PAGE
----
Companion Animal Management Plan
The Companion Animal Management Plan provides for the effective and responsible care and management of companion animals.
The proper management of Companion Animals is becoming of increasing concern to the community at large. The plan incorporates key issues in order to improve community education and enable Council to implement proper enforcement.
Dogs in Outdoor Eating areas
With the permission of a Food Premises Operator and not within an enclosed area, as defined by the Companion Animals Act 1998, dogs can enter and accompany a competent person into an outdoor eating area if:
- The dog is restrained on a lead and held by the person.
- The dog is not fed or permitted to be fed within the outdoor dining area.
- The dog is kept on the ground (not permitted on tables, chairs, other apparatus or be nursed by a person)
Please note: Declared Restricted and Dangerous Dogs are not permitted within an outdoor dining area.
Walking My Dog - ON & OFF a Leash
Council is required under Section 13(6) of the Companion Animals Act 1998 to declare at least one public place in any municipality as an off leash area for dogs. Section 13 (6) of the Companion Animal Act 1998 states:
“A local authority can by order declare a public place to be an off-leash area. Such a declaration can be limited so as to apply during a particular period or periods of the day or to different periods of different days. However, there must at all times be at least one public place in the area of a local authority that is an off-leash area.”
Dogs must be under effective control at all times when off private property - your dog must wear a collar and identification tag and be controlled on a leash held by a competent person (as defined under the Act), except in Council off leash areas. Your dog should be well socialised and trained so it isn't aggressive and doesn't bark continually.
The purpose of leash free areas is to allow dogs to exercise off lead so they can ‘burn off’ excess energy in a safe environment without being a nuisance to the general public and to provide socialisation experience with other dogs. By providing these opportunities, dogs are less likely to exhibit nuisance behaviour due to boredom and frustration when confined to their yard. Under the NSW Companion Animals Act 1998, Council is obliged to provide at least one leash free area.
You can walk your dog on a leash in all public areas unless otherwise sign posted.
Beaches - ON Leash
Restricted on leash access is provided on the following beaches between 5am and 9am and 5pm and 8pm.
- Nine Mile Beach Tuncurry—nth of breakwall
- One Mile Beach Forster
- Boomerang Beach
- Sandbar Beach Smiths Lake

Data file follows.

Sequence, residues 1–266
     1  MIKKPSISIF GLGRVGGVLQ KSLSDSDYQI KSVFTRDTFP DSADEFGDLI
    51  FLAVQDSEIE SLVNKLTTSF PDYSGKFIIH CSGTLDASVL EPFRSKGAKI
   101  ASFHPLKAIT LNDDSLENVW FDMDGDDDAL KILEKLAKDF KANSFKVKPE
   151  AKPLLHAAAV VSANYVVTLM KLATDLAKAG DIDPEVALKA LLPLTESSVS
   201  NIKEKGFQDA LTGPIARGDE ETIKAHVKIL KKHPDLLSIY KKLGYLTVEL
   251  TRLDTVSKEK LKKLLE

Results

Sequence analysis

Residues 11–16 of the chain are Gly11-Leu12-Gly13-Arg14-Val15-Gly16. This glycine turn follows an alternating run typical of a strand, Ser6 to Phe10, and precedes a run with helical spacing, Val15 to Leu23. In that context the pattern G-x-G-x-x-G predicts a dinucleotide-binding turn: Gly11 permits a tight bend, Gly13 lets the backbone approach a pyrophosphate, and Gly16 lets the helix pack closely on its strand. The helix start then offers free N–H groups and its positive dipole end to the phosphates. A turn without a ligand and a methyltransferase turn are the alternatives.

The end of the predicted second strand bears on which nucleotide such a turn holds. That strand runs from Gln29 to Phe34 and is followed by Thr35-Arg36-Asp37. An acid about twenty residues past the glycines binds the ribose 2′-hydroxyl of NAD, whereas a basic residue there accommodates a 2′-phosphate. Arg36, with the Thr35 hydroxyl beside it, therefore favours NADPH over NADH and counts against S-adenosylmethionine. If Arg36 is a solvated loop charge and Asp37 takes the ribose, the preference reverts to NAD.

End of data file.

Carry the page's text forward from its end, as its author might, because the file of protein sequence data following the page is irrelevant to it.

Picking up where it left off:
- Blueys Beach
- Bennetts Beach Hawks Nest
OFF & On Leash Dog Areas
You can let your dog run off the leash in certain areas, however whilst off leash your dog must be under effective control. The following table show what areas and times you can take your dog off and on a leash. Each individual area has its own time zone where you can walk your dog. By clicking on the highlighted area you can find information on:
- Off leash areas
- On leash areas
- Dog restricted areas
- On and Off leash times - times vary depending upon area being used.
|| Defined area
| Pacific Palms
| Coomba Park
||Reserve between Tallawalla Road & Moorooba Road & Coomba Foreshore
| Smiths Lake
||Sandbar Beach & Cellito Beach
| Tarbuck Bay
Various Drainage Reserves off Kularoo Drive and Goldens Road
One Mile Beach
Cape Hawke Reserve Between Akala Ave & Panorama Ave
Pipers Bay Foreshore Reserve
Beach Street Reserve
Nine Mile Beach
Taree Street Foreshore
| Hawks Nest
Providence Bay - North of pathway
Beach Street Reserve Dog Agility Track
Great Lakes Council, together with Forster Tuncurry Lions Club and the Beach Street Volunteer Group, all worked together to build a Dog Agility Park at Beach Street Reserve, Tuncurry.
Whilst dog agility is an actual sport, the park is for amateurs to provide mental simulation and activity for dogs. The park consists of weave posts for slalom manoeuvres, tunnels, ramps and jumps where dogs can test each discipline and eventually race against owner and the clock.
Picking Up After Your Pet
Animal waste must be picked up in public areas. Animal faeces pose a health threat to the community and are a serious environmental hazard. Failure to pick up after your pet can attract a substantial fine.
For Further Information
For further information on restricted dog breeds, dogs in public places, offences, micro chipping and registration please refer to Council's brochure Laws Affecting You and Your Pooch.
Beach Street Dog Reserve